I went to the Apple store this afternoon and picked up a mini-DVI to HDMI adapter so I could use my PC monitor as a second display. It works perfectly. I now have a dual display for the Mac and the PC is still hooked up to the monitor via DVI. The monitor has the ability to switch between inputs, so I didn’t have to get a KVM switch. I also grabbed an SD card reader so I could import pictures from our digital camera.

After installing the new hard drive, I started up Boot Camp assistant and installed a Windows 7 partition. I split it evenly between OS X and Windows, so each has about 500GB of disk space.

I now have a great setup running Mac OS X Yosemite and Windows 7 on a dual monitor setup. I’m pretty happy with the results.

First #Mac added to my desk

Tuesday, I was browsing Craigslist and came across a great deal on an iMac. It’s from 2008, but the specs are modest. It’s a year newer than my PC, so I thought it would be a good way for me to finally get my hands on a Mac.

AppleLogo

I’ve been wanting to own an iMac for a long time. However, since the price was so high, I haven’t yet put the money into it. With this new discovery, I was able to get a used iMac in good shape (with the memory expanded from 1GB to 3GB).

Even though the computer was listed on Craigslist, it turns out that it belonged to our church. They were using it in the print shop. They recently got a new printer with a built-in controller and didn’t need this one any more. I was able to pick it up for $250. I was going to try to haggle, but when I learned it was the church’s computer, I decided to pay full asking price as a way to give something extra to the church. I’m pretty sure it doesn’t count toward my tithe, but I felt it was the right thing to do. :)

When I got home, I immediately installed OS X Yosemite on it. It originally had OS X Lion, but I wanted to go modern and get all the new features of Yosemite. After installing the new OS, I transferred all of my music off of my backup drive to iTunes.

I ran into trouble with two pieces of software. The first was Microsoft Office. I was able to download it from the Office365 website, but when I went to run it for the first time, the authorization program displayed server errors. I was never able to get it running.

The other problem I ran into was that the version of Propellerhead Reason that I have (version 4) is not supported on OS X Yosemite. There are work arounds that I’ll have to try later.

Update: 6/6/15 – I was able to get Reason 4 working by installing Reason 8 demo, running it, renaming the folder in Applications from “Reason 8″ to “Reason”, then installing Reason 4 over it.

The worst part about all of this is that this is my birthday present, so I had to pack it all up and put it in the closet for three weeks. I’ll get to “open” it on my birthday.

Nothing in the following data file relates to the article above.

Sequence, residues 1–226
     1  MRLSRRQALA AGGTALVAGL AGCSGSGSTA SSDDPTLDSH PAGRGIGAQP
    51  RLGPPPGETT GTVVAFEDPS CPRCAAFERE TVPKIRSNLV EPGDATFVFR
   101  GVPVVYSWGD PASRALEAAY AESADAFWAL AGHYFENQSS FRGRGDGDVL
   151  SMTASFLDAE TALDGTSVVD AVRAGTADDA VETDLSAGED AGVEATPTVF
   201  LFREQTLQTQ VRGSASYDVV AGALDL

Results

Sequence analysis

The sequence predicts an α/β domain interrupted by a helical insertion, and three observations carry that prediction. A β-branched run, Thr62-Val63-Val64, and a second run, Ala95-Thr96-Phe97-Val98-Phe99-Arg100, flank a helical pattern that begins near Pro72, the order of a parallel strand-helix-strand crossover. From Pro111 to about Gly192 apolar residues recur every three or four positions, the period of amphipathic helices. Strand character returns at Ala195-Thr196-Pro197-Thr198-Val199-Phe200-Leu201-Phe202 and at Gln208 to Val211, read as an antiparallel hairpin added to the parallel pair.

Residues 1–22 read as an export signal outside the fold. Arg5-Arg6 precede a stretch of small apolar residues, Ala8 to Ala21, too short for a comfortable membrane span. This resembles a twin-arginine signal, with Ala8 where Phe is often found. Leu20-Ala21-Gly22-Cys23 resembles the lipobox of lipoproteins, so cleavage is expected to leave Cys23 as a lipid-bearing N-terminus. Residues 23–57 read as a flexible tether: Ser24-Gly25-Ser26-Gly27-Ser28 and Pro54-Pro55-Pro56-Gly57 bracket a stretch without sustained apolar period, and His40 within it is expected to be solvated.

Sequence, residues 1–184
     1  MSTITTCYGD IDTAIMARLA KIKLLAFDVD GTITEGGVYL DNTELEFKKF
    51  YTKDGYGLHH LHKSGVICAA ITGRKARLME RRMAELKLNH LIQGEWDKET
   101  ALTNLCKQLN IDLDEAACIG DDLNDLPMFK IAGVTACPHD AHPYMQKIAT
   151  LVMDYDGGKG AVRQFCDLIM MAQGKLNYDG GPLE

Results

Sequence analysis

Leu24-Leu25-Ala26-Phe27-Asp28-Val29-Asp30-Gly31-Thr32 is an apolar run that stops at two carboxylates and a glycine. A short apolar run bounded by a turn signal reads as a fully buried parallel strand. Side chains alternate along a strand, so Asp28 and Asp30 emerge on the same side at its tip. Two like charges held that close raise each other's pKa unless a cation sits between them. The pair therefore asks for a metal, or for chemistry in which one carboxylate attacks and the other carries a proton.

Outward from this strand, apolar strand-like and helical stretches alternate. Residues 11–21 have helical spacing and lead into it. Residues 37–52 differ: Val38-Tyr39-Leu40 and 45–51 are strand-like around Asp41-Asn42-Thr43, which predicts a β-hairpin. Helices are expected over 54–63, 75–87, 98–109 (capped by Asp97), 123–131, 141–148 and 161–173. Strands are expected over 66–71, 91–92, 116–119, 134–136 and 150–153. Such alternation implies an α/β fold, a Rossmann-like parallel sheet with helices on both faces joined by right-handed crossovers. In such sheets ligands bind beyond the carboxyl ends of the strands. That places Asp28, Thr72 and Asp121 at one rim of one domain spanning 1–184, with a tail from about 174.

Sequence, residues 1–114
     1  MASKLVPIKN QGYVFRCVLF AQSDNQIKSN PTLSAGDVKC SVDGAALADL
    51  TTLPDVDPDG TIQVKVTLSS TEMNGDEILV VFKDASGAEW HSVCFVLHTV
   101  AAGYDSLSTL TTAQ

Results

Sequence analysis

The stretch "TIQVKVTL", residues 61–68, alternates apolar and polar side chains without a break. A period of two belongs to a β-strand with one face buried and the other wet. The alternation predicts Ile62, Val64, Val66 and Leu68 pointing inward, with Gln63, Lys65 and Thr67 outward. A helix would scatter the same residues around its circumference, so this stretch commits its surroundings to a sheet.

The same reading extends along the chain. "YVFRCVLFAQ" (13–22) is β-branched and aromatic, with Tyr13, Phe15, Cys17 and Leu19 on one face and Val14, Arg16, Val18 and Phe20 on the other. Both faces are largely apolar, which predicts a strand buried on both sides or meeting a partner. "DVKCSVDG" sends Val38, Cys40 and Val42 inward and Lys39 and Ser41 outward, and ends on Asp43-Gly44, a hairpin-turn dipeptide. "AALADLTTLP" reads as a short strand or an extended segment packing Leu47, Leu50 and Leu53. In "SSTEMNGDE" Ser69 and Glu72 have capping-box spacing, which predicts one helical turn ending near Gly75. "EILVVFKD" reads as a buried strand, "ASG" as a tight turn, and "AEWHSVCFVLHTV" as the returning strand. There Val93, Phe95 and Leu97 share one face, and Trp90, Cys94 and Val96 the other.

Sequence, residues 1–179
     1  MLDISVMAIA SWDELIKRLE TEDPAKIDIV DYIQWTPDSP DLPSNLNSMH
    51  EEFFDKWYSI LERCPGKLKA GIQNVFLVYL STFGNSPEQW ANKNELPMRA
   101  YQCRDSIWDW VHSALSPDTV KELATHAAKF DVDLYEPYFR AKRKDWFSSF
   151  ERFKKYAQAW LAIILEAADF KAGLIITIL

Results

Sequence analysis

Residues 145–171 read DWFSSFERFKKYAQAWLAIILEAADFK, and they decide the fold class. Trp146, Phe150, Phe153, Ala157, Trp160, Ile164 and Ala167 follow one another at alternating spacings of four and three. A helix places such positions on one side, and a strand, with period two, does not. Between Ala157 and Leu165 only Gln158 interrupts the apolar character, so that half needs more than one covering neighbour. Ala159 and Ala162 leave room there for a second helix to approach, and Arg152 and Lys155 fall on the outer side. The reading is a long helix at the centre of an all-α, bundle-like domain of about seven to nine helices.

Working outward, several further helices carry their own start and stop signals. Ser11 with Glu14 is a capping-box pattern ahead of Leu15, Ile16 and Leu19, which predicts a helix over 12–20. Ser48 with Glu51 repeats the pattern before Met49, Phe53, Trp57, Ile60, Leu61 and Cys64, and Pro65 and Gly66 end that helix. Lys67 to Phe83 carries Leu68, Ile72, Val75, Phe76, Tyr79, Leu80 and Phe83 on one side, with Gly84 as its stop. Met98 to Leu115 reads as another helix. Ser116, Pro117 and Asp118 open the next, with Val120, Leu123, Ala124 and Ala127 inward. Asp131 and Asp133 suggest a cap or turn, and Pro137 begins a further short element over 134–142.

After using the Mac for a few hours, I am a firm believer in the quality of the Apple hardware and software. I recently had to reinstall Windows 8.1 on my computer because of strange behavior after installing the .NET runtime. To be fair, I did install a pre-release version of Visual Studio 2015 on it, so that’s probably what did it. However, I’ve had too many problems with Windows in the past. I realize that I’ll have issues with Mac, as well, but I like the way OS X works.

I’m still keeping my PC to use for games, so I’m not totally switching. However, Laurie’s not too pleased with the idea of having a computer on the floor by the desk and a computer with an integrated monitor and another monitor on the desk. I think she’d rather I just pare it down to a single iMac on the desk with a wireless keyboard and mouse. Minimalism is her goal, I think. Right now, it’s a rat’s nest of computer cords because of power cords, computer speaker cords, and external drives.

Still, I think I’d like to at least have the extra monitor for the iMac.

Even though I just bought this computer, I think I’m going to start saving up for a new computer next year. I’d like to get the 27″ iMac with a better video card in it and 16GB RAM. I might even go for 32GB RAM if the price has dropped by then.

Now I’m starting to feel guilty for my blatant consumerism. More e-waste for the environment, etc. At least I’m not in the market for a new Apple Watch.

It’s like a disease. The more Apple devices and software I get, the more I want. I can totally understand the addiction now. When I went to set up my printer last night, I fully expected that it would involve me navigating to the HP website, putting in the model number of my printer on their support page, and downloading the Mac driver. Then, I expected that I’d have to figure out what the IP address was on the printer and go through all of the hassles that I have to when I do it on Windows. Nope. I just searched for “printer” and the printers panel came up. I pressed the “+” button and my printer was listed in the available printers. I chose it from the list and added it. Done. This is because I’m using an Apple Airport Time Capsule as my WiFi router and it already knew about the printer on the network. It exposed it as an AirPrint device and my Mac recognized it. I was so shocked at how easy it was that I just had to print something to make sure it was really hooked up. So I printed a web page. It worked. Also, when I pulled up the Time Machine backup program, it immediately recognized my Time Capsule and I was quickly able to get the computer backup up. I only had to wait for it to transmit the backup across WiFi to the Time Capsule. It was very easy. This is why I want to switch to using a Mac.